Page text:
Because information technology exerts such a strong influence at companies of all sizes around the globe, and because it continues to evolve rapidly on many different fronts, it merits a closer look. On the following pages we offer snapshots of the 20 people, technologies, and trends that have had a major impact on the IT world in the past year, and that seem likely to remain dominant forces in the months ahead. Many affect finance directly, and they all promise (or continue) to reshape business in ways none of us can fully imagine.
#1 Adaptive Systems
Most people are familiar with efforts to model computers after the human brain, but recently researchers have turned their attention to the human body as analogue. If computers had something akin to an immune system, an ability to “heal” themselves without human intervention, that would go a long way toward alleviating the problems posed by increasingly complex systems. IBM, the Department of Defense, and other research centers have already begun to build some self-healing properties into software. Experts say rudimentary forms of adaptive systems will come to market in the next 1 to 3 years, but a world in which the entire IT department is a machine that would go of itself is 10 to 20 years away.
#2 Jeff Bezos
While it would be an overstatement to claim that as Amazon.com goes, so goes E-commerce, it wouldn’t be much of one. Jeff Bezos and company not only popularized the online hawking of books, CDs, and pretty much anything else that will fit in a UPS truck, they also made pro forma accounting seem almost de rigueur. Almost. The company’s most recent quarterly results put it back in the red after it posted its first-ever profit — using GAAP, no less — in Q4 2001, as post-holiday volumes dropped. That did not come as a surprise, and in fact Amazon did better than expected. CFO Warren Jenson said in April that Amazon should achieve its objective of “free cash flow for the year.” But whether it becomes the Wal-Mart of the online space or the Kmart remains to be seen, and many will watch Bezos’s every move for clues as to what and what not to do in E-tailing and E-business.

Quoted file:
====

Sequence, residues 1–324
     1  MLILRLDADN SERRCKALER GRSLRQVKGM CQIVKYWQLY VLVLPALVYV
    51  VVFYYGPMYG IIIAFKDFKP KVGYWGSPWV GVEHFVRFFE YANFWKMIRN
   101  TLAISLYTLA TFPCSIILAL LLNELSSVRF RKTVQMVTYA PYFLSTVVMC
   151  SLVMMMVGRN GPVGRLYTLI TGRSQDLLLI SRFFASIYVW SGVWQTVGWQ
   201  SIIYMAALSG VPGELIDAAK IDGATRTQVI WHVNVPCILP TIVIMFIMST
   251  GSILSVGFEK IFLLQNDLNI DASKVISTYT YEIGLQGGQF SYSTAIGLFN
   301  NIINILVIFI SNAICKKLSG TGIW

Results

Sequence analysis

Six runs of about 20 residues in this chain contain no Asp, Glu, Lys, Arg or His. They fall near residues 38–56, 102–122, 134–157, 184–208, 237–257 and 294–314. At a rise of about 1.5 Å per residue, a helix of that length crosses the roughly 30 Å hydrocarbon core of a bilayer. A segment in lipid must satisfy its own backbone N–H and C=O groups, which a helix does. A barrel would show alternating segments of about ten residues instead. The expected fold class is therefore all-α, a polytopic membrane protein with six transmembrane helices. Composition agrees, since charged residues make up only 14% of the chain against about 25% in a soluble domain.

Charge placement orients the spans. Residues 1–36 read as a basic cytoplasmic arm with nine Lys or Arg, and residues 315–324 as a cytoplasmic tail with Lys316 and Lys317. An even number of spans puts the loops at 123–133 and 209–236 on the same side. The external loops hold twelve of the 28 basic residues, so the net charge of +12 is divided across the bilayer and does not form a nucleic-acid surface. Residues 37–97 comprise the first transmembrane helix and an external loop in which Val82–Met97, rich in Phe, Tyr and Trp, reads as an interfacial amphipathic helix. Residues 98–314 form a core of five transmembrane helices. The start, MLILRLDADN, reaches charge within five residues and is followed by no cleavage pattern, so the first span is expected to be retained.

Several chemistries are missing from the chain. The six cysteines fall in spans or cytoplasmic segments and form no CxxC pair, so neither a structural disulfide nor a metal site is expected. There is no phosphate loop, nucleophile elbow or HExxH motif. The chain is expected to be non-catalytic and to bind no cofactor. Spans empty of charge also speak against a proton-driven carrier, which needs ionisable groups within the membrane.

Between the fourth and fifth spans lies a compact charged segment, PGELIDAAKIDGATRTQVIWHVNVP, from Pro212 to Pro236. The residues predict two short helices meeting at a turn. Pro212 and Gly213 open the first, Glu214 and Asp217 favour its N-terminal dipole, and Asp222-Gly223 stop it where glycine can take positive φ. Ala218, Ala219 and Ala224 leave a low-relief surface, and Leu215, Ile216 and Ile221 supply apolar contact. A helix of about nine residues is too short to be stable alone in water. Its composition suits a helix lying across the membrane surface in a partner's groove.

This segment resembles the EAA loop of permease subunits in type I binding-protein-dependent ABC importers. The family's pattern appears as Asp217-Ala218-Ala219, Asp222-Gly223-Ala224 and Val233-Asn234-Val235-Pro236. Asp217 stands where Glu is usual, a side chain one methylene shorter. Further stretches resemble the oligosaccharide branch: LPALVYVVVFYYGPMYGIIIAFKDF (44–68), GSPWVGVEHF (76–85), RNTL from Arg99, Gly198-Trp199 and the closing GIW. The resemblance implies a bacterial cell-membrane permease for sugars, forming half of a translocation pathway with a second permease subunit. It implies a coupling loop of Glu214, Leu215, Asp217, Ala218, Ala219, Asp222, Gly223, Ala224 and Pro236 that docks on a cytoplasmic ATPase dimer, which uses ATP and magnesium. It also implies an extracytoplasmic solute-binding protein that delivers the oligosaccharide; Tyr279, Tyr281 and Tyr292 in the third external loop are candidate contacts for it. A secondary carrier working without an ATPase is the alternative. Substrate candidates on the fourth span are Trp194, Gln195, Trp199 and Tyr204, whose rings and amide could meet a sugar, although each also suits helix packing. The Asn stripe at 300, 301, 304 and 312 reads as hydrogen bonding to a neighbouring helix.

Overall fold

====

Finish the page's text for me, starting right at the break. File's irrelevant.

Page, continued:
The collapse of companies like Global Crossing and WorldCom might lead one to believe that every sector of telecom suffers from gross overcapacity, but the “last mile” problem continues to plague America. So argues Technology Network, a consortium of approximately 300 technology-company CEOs and senior executives that wants to see 100-Mbps Internet access reach every home and small-to-midsize business. Arguing that such a network will create more than 1 million jobs by the end of the decade, TechNet is pushing for a national policy built largely around telecom deregulation. Consumer apathy for DSL and cable-modem services would seem to suggest that consumers, at least, don’t feel a compelling need to be that wired, but when 300 CEOs say they want something, one has to take them seriously. Large companies can afford T1 lines and virtual private networks; a broadband revolution could benefit small and midsize businesses by allowing them to be as wired as the big boys at relatively low cost.